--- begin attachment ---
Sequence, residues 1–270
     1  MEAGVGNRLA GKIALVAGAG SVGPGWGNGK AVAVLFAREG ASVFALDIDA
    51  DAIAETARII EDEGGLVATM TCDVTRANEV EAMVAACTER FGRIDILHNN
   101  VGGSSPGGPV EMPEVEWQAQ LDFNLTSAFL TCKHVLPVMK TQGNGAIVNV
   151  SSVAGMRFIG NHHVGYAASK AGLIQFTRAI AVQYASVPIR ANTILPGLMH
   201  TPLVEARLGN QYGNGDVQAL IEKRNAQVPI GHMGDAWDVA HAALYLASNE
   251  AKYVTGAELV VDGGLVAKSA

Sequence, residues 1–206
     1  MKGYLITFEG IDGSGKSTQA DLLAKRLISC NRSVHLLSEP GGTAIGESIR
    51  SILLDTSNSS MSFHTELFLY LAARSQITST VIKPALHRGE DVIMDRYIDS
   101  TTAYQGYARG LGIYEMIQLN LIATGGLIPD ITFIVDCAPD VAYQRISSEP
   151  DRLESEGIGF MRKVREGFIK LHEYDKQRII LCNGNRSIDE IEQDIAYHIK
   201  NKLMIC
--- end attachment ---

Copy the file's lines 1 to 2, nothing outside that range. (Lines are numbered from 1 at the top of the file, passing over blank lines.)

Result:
Sequence, residues 1–270
     1  MEAGVGNRLA GKIALVAGAG SVGPGWGNGK AVAVLFAREG ASVFALDIDA